Friday, August 28, 2015
Yesterday I spent about three hours in the backyard photoblind getting some Band-tailed Pigeon images. After getting into the blind I had a long, long wait before any bandies would come down to feed. I waited for over an hour and for good reason. There has been a hawk hanging around lately and the bandies were a bit nervous. They are quite the suspicious lot and won't come down out of the trees until they are absolutely sure it is safe. They will watch and wait until numerous other birds have fed before they feel it is safe. The only pickier birds that come to my feeder are the Mountain Quail. They will take off and leave at any motion or noise whatsoever. Here are two of my favorite images from my time spent with them one from the front and one from the back. God's love and blessings upon all of your sorrows, chris Images created with a Canon 7D and a Tamron 150-600mm lens on a Manfrotto Tripod
Thursday, August 27, 2015
I really like photographing smaller critters. It's not to say that I don't like photographing bison or elk because I do. It seems that I'm often drawn to photographing much smaller wildlife. It also gives the viewers a better image of more of the wildlife found in the environment. While in Costa Rica I had a great time trying to get images of the sand and land crabs. This meant that I often times stood for good lengths of time waiting for them to come out of their burrows. Other than the sand crabs two of the coolest crabs that I encountered were a female land crab with eggs at our hotel in Tamarindo. She was on the walkway just outside of our room. She raised her claws up in defiance when I stepped out of our room and then slowly backed away. Her lower carapace was just loaded with eggs as you can see in the last image. The other encounter was getting to see part of the crab migration. I was driving a dirt road near Langosta beach and I kept seeing flashes of red as I was driving along. It dawned on me that there were hundreds of crabs crossing the road towards the coast. The little red and black crabs migrate at the beginning of the rainy season to mate along the coast. They travel sideways in fairly straight lines only making turnes to go around objects they can't climb. It was a pretty amazing sight to see so many crabs at one time. God's light and love to you, chris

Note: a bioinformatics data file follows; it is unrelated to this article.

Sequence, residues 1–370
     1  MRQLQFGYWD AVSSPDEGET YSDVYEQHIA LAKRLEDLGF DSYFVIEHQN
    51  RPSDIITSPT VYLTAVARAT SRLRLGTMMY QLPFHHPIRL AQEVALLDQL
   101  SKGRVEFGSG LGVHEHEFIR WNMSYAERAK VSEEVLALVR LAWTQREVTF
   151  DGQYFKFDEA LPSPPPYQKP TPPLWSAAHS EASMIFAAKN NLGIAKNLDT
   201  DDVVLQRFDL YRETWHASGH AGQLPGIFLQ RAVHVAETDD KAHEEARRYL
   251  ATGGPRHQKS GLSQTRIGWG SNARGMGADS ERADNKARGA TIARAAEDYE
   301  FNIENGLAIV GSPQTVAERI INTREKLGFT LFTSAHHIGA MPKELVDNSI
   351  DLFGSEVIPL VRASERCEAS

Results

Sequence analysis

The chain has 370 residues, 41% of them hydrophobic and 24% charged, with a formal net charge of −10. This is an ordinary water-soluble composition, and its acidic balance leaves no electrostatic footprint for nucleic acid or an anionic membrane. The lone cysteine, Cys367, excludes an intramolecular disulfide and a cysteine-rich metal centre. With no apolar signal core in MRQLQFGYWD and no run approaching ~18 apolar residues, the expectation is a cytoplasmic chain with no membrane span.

Wednesday, August 26, 2015
Apparently it is "National Dog Day" I'm not even sure for what country is celebrating national dog day. In celebration of it I grabbed a piece of brown craft paper and threw it over a chair on our kitchen table to use as a background. Then I placed a rather reluctant Badger the Wonder Dog on it and photographed him. He really wanted to bail but the dog biscuit in my pocket kept his interest up. God bless, chris Image created with a handheld Canon 7D and a Canon 28-105 lens at 43mm. Settings used were AV mode, ISO 400, F 4.0 at 1/800th of a sec.
I'm still slowly making my way through our images from our trip to Costa Rica. One of the more common sights to see while driving were yellow butterflies. We always saw them fluttering across the road while driving. The villa we rented in Hacienda Pinilla had these flowering trees that were a great place to spot them. Several times I staked out a spot and just waited for them to fly in and feed on the flowers. It was really cool to photograph something new that I had never seen before. God's tender love and blessings to all, chris
Tuesday, August 25, 2015
On our last full day in Costa Rica my daughter Annika and I set out close to mid day in search of cows. Yes, that's right we went driving out into the countryside looking for cows. The reason was mostly because they are pretty cool looking and they form a big part of the scenery in the Guanacaste Region of Costa Rica. You can't very well show the country with out including some of the cattle can you? This area is ranching country and the Brahma cows played a pretty big role in the development of this part of the country. Brahmas were imported from India because they are well suited to the hot tropical climate and they can survive with much less feed than other breeds of cattle. I had two beef meals when I was in Costa Rica and I must admit that they were some of the most tender and tasty cuts of beef that I have ever eaten. God's love and blessings to you, chris